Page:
Anti-government protesters are seen demonstrating at the arrivals hall at Hong Kong’s international airport on Friday, August 9. The protest is planned to last through Sunday, August 11
Dhaka: Hundreds of pro-democracy activists began on Friday, August 9 what is intended to be a three-day occupation of Hong Kong's international airport, part of a series of demonstrations marking the 10th straight weekend of protests across the Asian financial hub.
Chanting "Hong Kong people, add oil," and carrying signs such as "all you can eat tear gas available in 13 districts," protesters gathered from midday Friday, August 9 in the arrivals hall of the airport's main terminal.
The move is the latest challenge to the government's apparent strategy of waiting out the ongoing political crisis and comes just days after a citywide strike shut down flights and trains causing travel chaos. The crowd at the airport, which appeared to number in the high hundreds, included many older Hong Kongers, in contrast to the young people who have been at the forefront of recent street battles with police.
Protesters held signs in English and Chinese and had printed leaflets in multiple different languages explaining the causes and demands of the demonstrations for arriving tourists.
The protests in Hong Kong began two months ago, in opposition to a bill — now suspended — that would allow extraditions to mainland China, where the courts are controlled by the ruling Communist Party. It has since expanded to include a number of other demands for greater democracy.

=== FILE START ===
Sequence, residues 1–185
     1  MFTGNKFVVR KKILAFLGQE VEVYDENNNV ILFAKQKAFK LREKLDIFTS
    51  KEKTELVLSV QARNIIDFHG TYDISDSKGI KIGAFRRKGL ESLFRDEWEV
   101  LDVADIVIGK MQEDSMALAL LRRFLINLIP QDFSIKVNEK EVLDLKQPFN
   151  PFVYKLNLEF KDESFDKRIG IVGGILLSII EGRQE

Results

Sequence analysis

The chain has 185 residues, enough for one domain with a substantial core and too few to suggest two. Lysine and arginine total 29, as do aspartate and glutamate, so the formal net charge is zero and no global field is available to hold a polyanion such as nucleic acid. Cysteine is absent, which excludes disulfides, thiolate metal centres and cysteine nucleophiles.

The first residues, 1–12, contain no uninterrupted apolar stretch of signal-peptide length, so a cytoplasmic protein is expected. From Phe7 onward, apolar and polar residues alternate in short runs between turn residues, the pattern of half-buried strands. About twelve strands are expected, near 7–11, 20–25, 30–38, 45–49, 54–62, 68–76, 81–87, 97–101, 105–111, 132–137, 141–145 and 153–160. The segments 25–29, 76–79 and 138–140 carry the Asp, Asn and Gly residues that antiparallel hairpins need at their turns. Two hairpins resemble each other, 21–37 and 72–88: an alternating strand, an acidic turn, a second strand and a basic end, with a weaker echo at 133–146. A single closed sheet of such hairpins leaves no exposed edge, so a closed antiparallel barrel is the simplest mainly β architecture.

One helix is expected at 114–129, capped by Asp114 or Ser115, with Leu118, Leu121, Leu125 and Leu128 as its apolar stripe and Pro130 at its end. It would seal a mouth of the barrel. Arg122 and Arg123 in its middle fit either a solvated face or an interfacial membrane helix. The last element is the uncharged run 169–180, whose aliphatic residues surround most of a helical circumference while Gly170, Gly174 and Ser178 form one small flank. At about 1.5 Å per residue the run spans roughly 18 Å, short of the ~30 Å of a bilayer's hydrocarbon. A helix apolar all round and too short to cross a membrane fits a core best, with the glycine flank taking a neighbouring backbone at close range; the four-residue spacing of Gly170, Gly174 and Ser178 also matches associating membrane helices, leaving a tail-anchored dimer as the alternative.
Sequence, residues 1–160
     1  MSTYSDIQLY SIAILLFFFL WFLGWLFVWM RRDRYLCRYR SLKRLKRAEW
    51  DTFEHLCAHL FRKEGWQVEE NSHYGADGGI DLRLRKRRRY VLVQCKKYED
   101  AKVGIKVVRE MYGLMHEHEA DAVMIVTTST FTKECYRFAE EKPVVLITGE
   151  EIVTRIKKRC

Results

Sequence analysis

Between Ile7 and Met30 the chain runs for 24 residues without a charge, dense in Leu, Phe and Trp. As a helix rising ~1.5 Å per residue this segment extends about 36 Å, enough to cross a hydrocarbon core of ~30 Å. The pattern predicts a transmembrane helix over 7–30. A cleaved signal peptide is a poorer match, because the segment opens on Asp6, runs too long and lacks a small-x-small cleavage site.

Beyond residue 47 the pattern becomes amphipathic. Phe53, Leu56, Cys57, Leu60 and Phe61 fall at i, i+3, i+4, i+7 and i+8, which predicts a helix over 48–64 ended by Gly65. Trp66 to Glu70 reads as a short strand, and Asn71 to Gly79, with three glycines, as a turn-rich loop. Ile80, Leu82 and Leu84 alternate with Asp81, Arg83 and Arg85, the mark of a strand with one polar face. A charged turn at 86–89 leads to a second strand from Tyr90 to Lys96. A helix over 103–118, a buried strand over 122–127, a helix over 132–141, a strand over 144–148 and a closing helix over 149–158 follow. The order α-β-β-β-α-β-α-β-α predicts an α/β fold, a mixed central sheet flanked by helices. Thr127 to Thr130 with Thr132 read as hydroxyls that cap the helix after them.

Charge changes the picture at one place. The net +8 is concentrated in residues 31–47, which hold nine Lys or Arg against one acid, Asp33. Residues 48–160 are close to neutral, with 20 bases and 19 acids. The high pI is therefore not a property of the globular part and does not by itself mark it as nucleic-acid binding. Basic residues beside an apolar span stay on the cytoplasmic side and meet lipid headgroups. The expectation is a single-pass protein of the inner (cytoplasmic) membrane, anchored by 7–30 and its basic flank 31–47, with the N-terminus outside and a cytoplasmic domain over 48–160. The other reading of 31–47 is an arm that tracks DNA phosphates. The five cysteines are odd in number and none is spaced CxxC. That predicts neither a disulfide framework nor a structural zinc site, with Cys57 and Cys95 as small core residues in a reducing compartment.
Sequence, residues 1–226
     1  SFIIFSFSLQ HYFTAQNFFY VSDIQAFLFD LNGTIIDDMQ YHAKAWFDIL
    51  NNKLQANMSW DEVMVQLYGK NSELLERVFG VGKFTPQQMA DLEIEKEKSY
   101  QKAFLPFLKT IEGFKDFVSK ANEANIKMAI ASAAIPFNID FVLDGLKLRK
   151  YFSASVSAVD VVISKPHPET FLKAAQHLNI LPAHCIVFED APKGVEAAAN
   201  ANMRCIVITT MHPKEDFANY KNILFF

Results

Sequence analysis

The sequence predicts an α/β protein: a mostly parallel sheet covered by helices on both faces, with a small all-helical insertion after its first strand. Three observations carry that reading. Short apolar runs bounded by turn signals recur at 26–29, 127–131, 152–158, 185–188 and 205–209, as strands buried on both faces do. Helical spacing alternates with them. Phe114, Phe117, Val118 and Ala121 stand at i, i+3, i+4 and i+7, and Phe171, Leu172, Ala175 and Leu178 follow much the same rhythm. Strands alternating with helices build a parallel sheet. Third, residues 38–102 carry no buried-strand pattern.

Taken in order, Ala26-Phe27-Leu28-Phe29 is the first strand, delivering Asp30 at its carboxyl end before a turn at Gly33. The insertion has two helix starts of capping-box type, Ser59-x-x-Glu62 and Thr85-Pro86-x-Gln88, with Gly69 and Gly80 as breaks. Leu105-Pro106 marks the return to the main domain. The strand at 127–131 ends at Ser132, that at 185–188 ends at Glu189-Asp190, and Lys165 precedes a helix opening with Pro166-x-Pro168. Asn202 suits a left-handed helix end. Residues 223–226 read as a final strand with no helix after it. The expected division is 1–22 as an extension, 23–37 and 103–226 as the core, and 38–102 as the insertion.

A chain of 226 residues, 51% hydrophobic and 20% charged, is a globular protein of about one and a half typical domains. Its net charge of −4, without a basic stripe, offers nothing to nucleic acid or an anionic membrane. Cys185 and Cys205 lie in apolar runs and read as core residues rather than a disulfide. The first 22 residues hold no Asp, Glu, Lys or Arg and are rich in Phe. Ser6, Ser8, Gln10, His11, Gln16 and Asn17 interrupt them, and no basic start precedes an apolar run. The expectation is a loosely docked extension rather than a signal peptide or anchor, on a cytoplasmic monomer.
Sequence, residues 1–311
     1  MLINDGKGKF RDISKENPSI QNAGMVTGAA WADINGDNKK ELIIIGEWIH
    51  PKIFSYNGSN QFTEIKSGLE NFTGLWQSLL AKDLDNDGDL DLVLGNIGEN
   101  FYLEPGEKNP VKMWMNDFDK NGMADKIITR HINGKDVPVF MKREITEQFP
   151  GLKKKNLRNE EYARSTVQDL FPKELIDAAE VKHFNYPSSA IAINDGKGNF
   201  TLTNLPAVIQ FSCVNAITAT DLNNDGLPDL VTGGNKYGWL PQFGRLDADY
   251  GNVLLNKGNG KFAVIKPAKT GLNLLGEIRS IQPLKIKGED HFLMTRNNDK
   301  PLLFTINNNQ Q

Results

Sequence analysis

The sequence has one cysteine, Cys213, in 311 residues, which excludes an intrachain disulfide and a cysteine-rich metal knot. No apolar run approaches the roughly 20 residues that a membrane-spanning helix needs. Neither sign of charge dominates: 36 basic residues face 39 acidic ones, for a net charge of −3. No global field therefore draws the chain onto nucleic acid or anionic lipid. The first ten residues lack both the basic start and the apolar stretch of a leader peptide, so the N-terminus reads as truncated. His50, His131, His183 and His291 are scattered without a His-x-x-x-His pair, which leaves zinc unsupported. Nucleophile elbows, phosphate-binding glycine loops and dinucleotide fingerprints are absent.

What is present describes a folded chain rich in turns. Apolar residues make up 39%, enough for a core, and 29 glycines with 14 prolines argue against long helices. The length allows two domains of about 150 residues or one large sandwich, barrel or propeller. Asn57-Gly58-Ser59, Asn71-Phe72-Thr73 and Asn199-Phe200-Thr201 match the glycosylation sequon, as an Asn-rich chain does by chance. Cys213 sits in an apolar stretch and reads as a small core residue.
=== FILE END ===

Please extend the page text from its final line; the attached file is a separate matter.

In recent days, mainland Chinese officials have issued stern warnings to protesters about the risks of continuing their campaign. On Friday night, August 9, the Chinese government struck at Hong Kong’s flagship carrier, Cathay Pacific, some of whose employees were reported to have supported the protests.
China’s civil aviation authority demanded that the airline bar staffers who have supported illegal assemblies or acts of violence from working on flights to mainland China. A Cathay pilot was reported to have been among dozens of people charged with rioting in connection with a recent protest, and more than 1,500 of its employees called in sick as part of the general strike on August 5, according to a union representative.
The airline in an internal system also changed the designation of employees holding Hong Kong passports from “Hong Kong SAR” to “China SAR,” according to three employees who checked the system and screenshots of the system provided by one of them
The system tracks travel visas for the crew, according to the employees, who spoke on the condition of anonymity given the sensitivity of the issue. The sudden change, seeming to emphasise that Hong Kong is part of China, alarmed some airline employees.
Cathay Pacific said it had received the directive from the aviation authority and was “studying it very carefully.”
Hong Kong's airport is one of the busiest in the world, handling 1,100 passenger and cargo flights daily, with services between the city and about 200 international destinations.
In a statement, the city's Airport Authority said that additional security would be deployed on site Friday to assist passengers and airport staff. In order to minimise disruption to flights, only departing passengers with valid tickets or boarding passes and travel documents would be allowed to enter to the check-in aisles at Terminal 1, said the statement.